Beautiful even in its darkest moments, My Brightest Diamond’s newest album, “All Things Will Unwind,” is stunning. With a powerful and operatic voice that soars, whispers and shouts, My Brightest Diamond’s Shara Worden is not far off in comparing her music to a sparkling gem.The sound is classy, sophisticated and gorgeous.
Although she may not be recognized by her band’s name, Worden’s voice may sound familiar. Fans of The Decemberists may recognize her as the voice of “The Queen” from the album “The Hazards of Love.”
Worden is even more closely connected with indie artist Sufjan Stevens. After touring with Stevens as one of his “illinoisemakers” (her role on the tour was the official cheerleading captain), Worden provided background vocals for several of his songs, most notably on his latest album “Age of Adz” in which she takes the lead for a part of the song “Impossible Soul,” singing “Don’t be distracted/ don’t be distracted, no.”
In addition to recording under the same label (Asthmatic Kitty Records) as Stevens, My Brightest Diamond also shares many similarities in sound with his music. Like Stevens’ their music is filled with choirs, guest vocalists and cute, quirky instruments like banjos, flutes, ukuleles and an abundance of orchestral strings. Often classified as an “avant rock” artist, Worden’s style changes with each song. She’s as likely to perform a bluesy, southern feeling number as another that brings to mind images of Edith Pilaf and a war-torn France.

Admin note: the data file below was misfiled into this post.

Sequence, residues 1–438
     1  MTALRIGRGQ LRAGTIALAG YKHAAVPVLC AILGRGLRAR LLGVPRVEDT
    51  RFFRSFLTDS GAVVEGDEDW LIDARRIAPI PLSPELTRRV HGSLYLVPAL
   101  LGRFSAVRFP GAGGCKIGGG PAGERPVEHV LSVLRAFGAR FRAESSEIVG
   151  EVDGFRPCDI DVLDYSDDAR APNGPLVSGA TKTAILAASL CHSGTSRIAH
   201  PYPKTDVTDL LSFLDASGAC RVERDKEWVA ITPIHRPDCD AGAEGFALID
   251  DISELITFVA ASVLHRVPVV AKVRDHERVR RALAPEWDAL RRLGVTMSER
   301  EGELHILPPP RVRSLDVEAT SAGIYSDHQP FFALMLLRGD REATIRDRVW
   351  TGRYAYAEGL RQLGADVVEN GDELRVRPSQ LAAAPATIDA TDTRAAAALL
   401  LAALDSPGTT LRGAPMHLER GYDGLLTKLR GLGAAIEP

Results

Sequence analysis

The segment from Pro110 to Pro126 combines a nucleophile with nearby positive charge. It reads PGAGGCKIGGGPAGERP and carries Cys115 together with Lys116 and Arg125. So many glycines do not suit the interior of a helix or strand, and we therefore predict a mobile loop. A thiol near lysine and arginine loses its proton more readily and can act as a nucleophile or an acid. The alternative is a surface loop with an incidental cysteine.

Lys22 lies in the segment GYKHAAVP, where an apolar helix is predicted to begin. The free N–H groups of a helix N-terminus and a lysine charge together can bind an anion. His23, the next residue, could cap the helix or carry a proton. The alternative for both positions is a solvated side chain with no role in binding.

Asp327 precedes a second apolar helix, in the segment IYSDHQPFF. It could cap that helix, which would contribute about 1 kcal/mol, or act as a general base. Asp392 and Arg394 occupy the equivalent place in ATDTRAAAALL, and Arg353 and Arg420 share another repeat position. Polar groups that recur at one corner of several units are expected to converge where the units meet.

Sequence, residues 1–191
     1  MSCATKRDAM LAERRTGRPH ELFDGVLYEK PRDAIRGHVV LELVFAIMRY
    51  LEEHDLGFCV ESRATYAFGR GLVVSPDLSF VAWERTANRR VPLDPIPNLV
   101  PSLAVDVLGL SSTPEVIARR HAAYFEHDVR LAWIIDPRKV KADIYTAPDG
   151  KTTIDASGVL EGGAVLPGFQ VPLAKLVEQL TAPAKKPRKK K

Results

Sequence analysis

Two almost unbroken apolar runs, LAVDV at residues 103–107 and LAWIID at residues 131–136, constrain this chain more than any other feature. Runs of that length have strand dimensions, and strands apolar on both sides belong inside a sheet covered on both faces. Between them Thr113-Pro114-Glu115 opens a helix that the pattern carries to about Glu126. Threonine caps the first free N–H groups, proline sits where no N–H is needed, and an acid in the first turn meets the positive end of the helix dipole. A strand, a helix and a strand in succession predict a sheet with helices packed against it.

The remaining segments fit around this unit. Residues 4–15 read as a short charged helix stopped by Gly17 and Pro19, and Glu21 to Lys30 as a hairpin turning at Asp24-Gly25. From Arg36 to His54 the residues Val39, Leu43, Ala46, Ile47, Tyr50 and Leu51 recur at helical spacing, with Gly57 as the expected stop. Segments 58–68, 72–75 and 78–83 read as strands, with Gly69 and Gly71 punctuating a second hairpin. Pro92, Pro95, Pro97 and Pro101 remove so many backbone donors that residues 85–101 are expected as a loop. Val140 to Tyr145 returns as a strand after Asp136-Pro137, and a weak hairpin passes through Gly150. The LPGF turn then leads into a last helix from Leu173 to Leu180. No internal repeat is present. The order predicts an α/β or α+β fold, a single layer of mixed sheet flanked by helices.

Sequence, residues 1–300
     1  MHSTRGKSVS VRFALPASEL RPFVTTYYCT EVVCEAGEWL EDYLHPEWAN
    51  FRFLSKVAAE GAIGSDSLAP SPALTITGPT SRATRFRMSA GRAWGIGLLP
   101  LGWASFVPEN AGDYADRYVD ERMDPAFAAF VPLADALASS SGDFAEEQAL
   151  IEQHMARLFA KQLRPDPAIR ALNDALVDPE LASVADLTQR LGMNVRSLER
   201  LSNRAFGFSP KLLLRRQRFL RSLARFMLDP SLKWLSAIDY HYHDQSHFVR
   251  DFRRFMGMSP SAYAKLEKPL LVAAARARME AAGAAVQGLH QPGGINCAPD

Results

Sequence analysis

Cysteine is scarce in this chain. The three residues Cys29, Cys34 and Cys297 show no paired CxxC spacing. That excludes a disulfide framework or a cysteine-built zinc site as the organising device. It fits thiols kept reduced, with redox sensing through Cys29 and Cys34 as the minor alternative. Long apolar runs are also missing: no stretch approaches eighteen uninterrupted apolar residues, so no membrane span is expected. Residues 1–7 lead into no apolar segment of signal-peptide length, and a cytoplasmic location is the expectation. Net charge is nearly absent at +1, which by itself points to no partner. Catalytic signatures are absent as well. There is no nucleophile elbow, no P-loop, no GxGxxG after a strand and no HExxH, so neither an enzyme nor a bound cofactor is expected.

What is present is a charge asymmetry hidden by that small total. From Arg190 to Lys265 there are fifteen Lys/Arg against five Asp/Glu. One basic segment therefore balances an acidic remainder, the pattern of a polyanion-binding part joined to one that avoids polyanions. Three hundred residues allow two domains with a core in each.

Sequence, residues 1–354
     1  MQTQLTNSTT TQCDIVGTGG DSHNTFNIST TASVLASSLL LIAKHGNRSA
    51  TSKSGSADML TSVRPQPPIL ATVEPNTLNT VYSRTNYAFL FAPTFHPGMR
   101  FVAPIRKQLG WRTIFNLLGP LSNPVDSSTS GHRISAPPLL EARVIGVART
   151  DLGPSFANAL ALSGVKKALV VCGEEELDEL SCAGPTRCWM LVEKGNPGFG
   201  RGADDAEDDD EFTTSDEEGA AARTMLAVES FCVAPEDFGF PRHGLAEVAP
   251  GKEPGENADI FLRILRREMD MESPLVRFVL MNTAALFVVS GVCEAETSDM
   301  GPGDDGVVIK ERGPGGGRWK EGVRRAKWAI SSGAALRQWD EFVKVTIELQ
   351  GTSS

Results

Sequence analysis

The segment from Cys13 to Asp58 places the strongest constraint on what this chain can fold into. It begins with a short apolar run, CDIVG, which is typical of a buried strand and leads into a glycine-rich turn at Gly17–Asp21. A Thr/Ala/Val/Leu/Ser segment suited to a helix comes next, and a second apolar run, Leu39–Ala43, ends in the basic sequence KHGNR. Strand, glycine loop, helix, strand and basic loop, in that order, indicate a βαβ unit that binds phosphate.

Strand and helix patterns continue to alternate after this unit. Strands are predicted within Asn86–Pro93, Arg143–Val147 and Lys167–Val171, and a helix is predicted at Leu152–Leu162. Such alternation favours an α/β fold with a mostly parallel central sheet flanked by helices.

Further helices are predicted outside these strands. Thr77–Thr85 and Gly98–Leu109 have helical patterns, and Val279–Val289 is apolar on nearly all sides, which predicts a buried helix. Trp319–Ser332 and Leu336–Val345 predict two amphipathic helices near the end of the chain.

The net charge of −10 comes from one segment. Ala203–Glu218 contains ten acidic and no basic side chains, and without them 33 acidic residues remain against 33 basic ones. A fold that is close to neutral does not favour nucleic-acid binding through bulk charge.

Worden’s voice is the single thread that binds the album together. Although she has been formally trained in opera, Worden knows how to sing to a generation less impressed by the classical style. She hasn’t forgotten how she was trained to use those powerful lungs, but uses that power to show emotion, pain and humanity through her voice. It’s beautiful and lovely.
Much of “All Things Will Unwind” seems inspired by Worden’s new role as a mother. While songs such as “I Have Never Loved Someone” and “Reaching Through to the Other Side” speak almost directly about her son, with lines like “I have never loved someone the way I love you/ I have never seen a smile like yours,” even more songs on the album carries a sweetness that brings to mind a lullaby.
However, that is not to say the album lacks sophistication in its lyrics. Another theme of the album is the economic trouble our society has been in lately. The songs are intelligent, yet composed to be catchy enough that you can almost see the crowds protesting Wall Street singing along to the album. Take her song “High Low Middle,” in which she sings about the “Saving, wasting, dying for a tasting” social castes into which our nation have been divided.
There are politics as well. “We Added It Up,” with lines like “If I was cat, you were a dog” and “If I was loud, then you were shhhhh” may just be the loveliest thing ever sung about the nation’s political parties inability to agree on just about anything.
It’s the humanness of the album that will win listeners over. The lyrics that reflect the reality of our times, combined with Worden’s strong and sweet vocals provide an authenticity hard to find in the money-making world of music.
“Oh how gorgeous, oh how gorgeous,” as Worden sings in “Reaching Through to the Other Side.” Oh, how well that line describes “All Things Will Unwind.”